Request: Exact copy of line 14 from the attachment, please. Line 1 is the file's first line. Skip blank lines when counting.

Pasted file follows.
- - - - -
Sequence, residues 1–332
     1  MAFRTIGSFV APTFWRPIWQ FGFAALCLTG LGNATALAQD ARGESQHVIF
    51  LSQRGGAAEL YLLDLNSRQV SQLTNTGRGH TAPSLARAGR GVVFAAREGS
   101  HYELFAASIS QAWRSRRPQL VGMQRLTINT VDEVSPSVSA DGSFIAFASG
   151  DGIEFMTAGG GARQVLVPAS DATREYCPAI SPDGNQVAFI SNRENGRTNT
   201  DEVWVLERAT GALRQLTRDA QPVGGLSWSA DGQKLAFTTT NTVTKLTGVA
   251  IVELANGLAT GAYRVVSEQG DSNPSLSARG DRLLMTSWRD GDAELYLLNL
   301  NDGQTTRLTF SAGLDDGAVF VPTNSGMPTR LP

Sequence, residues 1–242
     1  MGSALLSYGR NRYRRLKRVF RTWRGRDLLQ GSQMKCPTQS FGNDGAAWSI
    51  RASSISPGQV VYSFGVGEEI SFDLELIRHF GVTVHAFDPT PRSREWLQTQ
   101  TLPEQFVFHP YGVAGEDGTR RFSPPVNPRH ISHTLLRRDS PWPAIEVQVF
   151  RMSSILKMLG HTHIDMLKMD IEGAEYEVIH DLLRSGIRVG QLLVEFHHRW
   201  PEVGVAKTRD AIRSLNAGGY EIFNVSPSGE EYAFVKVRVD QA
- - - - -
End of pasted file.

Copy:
   201  PEVGVAKTRD AIRSLNAGGY EIFNVSPSGE EYAFVKVRVD QA